"The governor's proposed budget keeps spending in check and includes no new taxes or fees," said Rich Azzopardi, the spokesman. "The bottom line is that no one would pay more."
The extended revenue streams would go to pay for a number of initiatives Cuomo promoted in both his budget address Tuesday and his State of the State on Jan. 9.
Among them is a plan to create 10 tax-free "hot spots" across the state, where burgeoning businesses would be able to avoid paying state sales and business taxes if they locate there. Cuomo has also proposed extending a $420 million-a-year tax credit for film productions until 2020, as well as creating tax-free stores that sell only New York food products and tax credits for installing electric-vehicle charging stations.
State Sen. George Latimer, D-Rye, Westchester County, said Cuomo's budget is "consistent with the needs of the economy." Cuomo and the Legislature face a March 31 deadline to have a budget in place for the 2013-14 fiscal year, which begins April 1.
"We have demonstrated to the taxpayers that we understand their needs and are doing what we need to in order to take the next steps toward a full economic recovery," Latimer said in a statement Tuesday.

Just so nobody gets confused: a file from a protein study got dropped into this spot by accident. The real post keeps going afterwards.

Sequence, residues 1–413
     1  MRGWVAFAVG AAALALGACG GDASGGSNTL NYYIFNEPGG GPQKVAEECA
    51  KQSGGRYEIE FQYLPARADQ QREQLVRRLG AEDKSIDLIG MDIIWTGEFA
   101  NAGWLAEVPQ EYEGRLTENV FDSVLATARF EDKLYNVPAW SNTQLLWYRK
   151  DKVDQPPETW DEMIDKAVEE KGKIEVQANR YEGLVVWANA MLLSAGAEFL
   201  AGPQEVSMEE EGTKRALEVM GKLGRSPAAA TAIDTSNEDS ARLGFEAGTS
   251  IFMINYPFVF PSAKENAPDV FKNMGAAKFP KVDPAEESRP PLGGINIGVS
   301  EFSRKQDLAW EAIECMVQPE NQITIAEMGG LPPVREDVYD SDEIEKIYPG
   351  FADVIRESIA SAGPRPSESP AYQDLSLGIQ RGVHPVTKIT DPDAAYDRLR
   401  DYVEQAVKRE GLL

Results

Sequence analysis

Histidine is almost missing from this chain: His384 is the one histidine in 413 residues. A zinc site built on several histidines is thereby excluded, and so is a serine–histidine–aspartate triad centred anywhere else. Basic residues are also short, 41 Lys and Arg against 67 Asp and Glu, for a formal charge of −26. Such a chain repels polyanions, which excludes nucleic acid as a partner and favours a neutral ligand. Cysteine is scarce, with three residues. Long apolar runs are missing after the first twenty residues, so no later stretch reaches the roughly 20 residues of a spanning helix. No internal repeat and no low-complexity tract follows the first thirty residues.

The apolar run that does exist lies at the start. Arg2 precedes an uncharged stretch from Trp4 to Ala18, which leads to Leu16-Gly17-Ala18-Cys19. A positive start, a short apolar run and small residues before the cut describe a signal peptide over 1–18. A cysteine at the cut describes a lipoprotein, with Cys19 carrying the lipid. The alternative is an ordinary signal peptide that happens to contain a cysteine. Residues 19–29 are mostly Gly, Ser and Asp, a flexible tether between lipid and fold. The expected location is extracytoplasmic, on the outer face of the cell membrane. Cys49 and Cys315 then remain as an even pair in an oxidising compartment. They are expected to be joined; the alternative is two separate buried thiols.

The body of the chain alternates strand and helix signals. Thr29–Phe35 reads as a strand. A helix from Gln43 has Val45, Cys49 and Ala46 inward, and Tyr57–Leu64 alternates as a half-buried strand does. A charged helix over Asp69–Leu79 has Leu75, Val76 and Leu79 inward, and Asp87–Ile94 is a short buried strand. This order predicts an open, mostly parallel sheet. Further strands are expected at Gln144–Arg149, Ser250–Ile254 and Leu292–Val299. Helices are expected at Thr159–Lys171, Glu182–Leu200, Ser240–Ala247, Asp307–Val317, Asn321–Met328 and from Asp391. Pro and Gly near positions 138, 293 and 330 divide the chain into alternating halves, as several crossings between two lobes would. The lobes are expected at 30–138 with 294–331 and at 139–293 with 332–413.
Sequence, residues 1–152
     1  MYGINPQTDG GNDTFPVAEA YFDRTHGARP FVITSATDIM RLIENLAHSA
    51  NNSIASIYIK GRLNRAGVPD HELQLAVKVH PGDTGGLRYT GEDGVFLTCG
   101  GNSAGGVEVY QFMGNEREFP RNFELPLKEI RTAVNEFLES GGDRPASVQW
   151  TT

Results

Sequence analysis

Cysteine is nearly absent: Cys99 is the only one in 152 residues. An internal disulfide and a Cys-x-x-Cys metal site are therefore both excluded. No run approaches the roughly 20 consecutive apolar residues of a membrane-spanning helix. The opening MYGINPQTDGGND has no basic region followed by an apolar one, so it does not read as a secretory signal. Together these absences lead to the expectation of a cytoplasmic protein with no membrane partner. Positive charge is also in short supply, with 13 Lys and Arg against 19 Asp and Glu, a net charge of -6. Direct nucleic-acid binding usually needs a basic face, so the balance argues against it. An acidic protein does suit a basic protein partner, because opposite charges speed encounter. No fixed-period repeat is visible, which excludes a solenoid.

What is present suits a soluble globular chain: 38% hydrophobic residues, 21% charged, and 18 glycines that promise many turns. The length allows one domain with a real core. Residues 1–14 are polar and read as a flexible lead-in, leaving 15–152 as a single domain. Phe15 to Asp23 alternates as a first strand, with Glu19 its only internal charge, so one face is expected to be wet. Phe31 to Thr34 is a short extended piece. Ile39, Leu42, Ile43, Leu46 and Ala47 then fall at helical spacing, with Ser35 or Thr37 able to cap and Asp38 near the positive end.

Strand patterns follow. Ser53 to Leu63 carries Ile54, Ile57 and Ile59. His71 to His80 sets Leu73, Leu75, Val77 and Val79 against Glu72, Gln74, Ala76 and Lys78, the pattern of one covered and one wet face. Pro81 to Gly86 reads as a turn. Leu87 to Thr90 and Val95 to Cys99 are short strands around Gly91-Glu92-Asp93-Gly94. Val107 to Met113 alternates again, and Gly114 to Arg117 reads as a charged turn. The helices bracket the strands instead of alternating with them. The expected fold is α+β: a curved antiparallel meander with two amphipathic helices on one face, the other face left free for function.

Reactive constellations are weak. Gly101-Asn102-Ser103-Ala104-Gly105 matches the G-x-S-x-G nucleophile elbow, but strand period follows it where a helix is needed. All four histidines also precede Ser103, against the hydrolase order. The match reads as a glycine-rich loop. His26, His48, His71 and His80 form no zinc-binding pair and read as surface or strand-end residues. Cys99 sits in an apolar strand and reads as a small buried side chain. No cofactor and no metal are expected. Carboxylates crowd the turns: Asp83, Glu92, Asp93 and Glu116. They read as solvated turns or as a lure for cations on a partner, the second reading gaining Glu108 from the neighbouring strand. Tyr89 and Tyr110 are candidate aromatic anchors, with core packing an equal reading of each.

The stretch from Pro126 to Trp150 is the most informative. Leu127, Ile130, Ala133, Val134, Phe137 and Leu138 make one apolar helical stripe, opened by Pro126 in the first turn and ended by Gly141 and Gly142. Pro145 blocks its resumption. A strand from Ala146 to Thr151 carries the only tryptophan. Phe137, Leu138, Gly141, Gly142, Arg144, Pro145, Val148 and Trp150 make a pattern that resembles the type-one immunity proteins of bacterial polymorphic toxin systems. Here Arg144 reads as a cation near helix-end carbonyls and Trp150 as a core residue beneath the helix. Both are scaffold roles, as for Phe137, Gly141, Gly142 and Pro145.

E.J. McMahon, senior fellow for The Empire Center for New York State Policy, a fiscally conservative think tank, said Cuomo's budget "combines continuing spending and fiscal restraint in some areas with - notwithstanding the claim - tax increases and gimmicks."
"We've seen a lot worse in Albany over the past 25 or 30 years," McMahon said. "I'm sorry we didn't see better in certain key respects."
The Cuomo administration "has been very positive for economic growth," said Pokalsky, of The Business Council. The debate over whether the "revenue extenders" should be considered new taxes, he said, is "semantic."
"I think if the tax law tells me tomorrow my tax will be a dollar and you do something to make it two dollars, call it what you want - it's an increased cost," Pokalsky said.
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This story includes reporting from Gannett Albany Bureau reporter Jon Campbell.